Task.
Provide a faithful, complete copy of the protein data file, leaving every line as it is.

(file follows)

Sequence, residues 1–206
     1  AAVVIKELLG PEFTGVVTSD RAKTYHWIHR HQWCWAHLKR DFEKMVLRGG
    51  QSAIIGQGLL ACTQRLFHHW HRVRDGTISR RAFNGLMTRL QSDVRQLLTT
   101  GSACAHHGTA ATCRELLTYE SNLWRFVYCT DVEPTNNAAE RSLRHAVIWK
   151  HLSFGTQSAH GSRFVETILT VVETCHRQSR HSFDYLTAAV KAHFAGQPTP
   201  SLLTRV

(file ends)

Sequence, residues 1–206
     1  AAVVIKELLG PEFTGVVTSD RAKTYHWIHR HQWCWAHLKR DFEKMVLRGG
    51  QSAIIGQGLL ACTQRLFHHW HRVRDGTISR RAFNGLMTRL QSDVRQLLTT
   101  GSACAHHGTA ATCRELLTYE SNLWRFVYCT DVEPTNNAAE RSLRHAVIWK
   151  HLSFGTQSAH GSRFVETILT VVETCHRQSR HSFDYLTAAV KAHFAGQPTP
   201  SLLTRV